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April 22, 2014

DARPA seeks to develop new automation system to reduce pilot workload

The US Defense Advanced Research Projects Agency (DARPA) has launched a new programme to help reduce pilot workload, as well as improve mission performance and safety of the military aircraft.

ALIAS system

The US Defense Advanced Research Projects Agency (DARPA) has launched a new programme to help reduce pilot workload, as well as improve mission performance and safety of the military aircraft.

The aircrew labor in-cockpit automation system (ALIAS) programme seeks development of a tailorable, drop-in, removable kit, which would facilitate the addition of high levels of automation into current aircraft, thereby enabling operation with reduced onboard crew.

Specifically, the programme aims to build on the considerable progress achieved in aircraft automation systems over the last 50 years, and the advances made in remotely piloted aircraft (RPA) automation, to provide portable and flexible advanced autopilot capabilities.

DARPA programme manager Daniel Patt said: "Our goal is to design and develop a full-time automated assistant that could be rapidly adapted to help operate diverse aircraft through an easy-to-use operator interface.

"These capabilities could help transform the role of pilot from a systems operator to a mission supervisor directing intermeshed, trusted, reliable systems at a high level."

"Our goal is to design and develop a full-time automated assistant that could be rapidly adapted to help operate diverse aircraft through an easy-to-use operator interface."

Apart from executing a planned mission from takeoff to landing, even during contingency events, such as aircraft system failures, the ALIAS is also expected to serve as a platform for facilitating additional automation or autonomy capabilities tailored for specific missions.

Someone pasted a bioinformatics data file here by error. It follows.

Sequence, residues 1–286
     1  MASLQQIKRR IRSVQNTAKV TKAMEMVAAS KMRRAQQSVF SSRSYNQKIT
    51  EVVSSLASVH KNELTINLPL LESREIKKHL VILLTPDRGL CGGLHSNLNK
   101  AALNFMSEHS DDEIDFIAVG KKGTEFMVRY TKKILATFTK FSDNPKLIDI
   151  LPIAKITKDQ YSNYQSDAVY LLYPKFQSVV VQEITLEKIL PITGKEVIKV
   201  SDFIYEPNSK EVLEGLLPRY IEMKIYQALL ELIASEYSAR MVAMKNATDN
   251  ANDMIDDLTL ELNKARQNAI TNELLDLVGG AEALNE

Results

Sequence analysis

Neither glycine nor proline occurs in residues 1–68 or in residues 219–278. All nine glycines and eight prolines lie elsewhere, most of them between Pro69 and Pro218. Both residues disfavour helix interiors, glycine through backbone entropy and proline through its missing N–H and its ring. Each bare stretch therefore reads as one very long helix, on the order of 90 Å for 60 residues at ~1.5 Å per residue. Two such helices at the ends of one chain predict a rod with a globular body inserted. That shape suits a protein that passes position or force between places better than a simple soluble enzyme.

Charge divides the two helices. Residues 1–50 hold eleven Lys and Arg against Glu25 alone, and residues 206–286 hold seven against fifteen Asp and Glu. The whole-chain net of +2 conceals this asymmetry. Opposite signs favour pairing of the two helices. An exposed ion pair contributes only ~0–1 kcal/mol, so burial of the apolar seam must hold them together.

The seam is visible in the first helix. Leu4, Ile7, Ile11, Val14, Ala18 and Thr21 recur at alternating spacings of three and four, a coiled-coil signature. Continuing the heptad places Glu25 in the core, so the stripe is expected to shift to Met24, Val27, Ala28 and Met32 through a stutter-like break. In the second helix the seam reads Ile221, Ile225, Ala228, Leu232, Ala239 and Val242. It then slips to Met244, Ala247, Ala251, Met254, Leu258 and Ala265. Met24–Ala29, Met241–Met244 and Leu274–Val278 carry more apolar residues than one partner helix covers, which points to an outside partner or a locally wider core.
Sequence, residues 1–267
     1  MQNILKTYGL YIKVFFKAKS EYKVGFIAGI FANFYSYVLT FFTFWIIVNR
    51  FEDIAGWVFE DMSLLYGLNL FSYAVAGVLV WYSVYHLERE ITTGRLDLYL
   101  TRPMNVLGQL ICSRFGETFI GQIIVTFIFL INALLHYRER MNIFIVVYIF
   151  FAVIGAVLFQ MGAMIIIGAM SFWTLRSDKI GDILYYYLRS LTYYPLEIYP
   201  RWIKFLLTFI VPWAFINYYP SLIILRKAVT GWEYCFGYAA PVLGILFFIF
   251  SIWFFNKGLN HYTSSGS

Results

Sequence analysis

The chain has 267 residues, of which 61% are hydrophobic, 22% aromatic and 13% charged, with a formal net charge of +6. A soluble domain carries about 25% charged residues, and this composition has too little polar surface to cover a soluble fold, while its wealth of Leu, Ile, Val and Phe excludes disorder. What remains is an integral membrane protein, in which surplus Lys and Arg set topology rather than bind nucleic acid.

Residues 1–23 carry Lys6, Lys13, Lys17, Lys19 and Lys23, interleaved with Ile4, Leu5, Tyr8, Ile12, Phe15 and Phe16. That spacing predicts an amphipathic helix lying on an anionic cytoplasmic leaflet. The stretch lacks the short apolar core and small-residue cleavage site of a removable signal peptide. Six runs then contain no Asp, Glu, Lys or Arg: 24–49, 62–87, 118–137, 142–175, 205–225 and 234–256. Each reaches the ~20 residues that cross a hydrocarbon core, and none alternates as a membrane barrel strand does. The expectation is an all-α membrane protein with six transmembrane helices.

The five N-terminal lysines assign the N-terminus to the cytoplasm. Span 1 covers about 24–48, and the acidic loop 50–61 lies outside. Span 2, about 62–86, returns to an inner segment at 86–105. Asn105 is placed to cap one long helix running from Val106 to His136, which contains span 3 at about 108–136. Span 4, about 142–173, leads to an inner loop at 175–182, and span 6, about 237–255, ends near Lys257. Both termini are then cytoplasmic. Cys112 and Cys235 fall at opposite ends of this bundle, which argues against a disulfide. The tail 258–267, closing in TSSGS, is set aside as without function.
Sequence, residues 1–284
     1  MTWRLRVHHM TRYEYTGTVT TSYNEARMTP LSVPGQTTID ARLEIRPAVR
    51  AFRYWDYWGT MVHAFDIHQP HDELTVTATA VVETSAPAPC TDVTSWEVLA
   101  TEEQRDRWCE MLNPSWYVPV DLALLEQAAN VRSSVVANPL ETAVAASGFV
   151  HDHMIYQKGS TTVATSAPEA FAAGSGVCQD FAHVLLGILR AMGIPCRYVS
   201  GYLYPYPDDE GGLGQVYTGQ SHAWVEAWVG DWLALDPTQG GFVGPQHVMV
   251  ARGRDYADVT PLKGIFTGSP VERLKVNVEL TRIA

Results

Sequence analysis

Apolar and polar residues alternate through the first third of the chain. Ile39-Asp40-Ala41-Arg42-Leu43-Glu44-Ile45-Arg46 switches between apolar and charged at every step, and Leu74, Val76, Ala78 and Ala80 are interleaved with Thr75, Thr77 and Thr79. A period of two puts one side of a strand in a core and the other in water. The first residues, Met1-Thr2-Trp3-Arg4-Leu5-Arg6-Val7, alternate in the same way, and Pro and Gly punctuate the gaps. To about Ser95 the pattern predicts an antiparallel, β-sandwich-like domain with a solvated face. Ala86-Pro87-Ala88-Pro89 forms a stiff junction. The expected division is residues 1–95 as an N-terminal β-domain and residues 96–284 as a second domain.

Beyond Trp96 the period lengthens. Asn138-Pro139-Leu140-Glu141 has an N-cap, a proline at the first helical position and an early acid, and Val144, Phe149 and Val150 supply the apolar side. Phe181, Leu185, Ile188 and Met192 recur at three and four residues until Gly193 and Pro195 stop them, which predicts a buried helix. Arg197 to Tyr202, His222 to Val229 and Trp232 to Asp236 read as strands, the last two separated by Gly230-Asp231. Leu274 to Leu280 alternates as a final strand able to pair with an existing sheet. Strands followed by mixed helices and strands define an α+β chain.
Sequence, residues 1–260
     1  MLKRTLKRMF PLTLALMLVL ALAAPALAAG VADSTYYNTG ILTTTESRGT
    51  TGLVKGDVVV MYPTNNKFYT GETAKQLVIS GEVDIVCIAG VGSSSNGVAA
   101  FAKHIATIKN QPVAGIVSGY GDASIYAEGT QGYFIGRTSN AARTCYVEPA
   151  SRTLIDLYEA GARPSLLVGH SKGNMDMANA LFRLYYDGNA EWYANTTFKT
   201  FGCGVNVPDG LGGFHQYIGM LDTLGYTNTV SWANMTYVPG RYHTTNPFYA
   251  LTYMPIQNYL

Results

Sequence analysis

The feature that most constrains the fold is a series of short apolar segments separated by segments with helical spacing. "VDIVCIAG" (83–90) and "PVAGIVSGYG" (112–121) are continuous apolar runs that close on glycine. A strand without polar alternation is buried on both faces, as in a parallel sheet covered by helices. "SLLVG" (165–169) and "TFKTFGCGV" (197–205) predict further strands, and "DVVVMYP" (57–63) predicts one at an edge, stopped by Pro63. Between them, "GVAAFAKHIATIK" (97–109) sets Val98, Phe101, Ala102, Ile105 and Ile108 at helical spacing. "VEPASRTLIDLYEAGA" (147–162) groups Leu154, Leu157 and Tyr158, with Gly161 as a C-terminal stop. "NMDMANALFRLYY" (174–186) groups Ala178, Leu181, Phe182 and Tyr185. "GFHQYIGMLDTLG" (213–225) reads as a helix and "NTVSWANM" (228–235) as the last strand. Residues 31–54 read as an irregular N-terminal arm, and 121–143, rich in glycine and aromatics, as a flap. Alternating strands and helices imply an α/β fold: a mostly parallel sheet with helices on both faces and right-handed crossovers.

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Required to operate aircraft functions to provide automated operation, the ALIAS system is anticipated to leverage existing host aircraft procedural information, flight mechanics information or models, or other methods of rapidly developing requisite aircraft information, to support adaptation across different aircraft in a short duration.

The programme is expected to culminate in a robust demonstration, which will commence with ground-based development and demonstration of a prototype system with one aircraft type, and advance to a proof-of-concept flight test involving porting the system to a different aircraft type.

A Proposers’ Day to familiarise potential participants with the technical objectives of ALIAS programme is scheduled to take place on 14 May, at DARPA’s offices in Arlington, Virginia, US.


Image: The ALIAS programme seeks development of a tailorable, drop-in, removable kit that would facilitate the addition of high levels of automation into the existing military aircraft. Photo: courtesy of DARPA.

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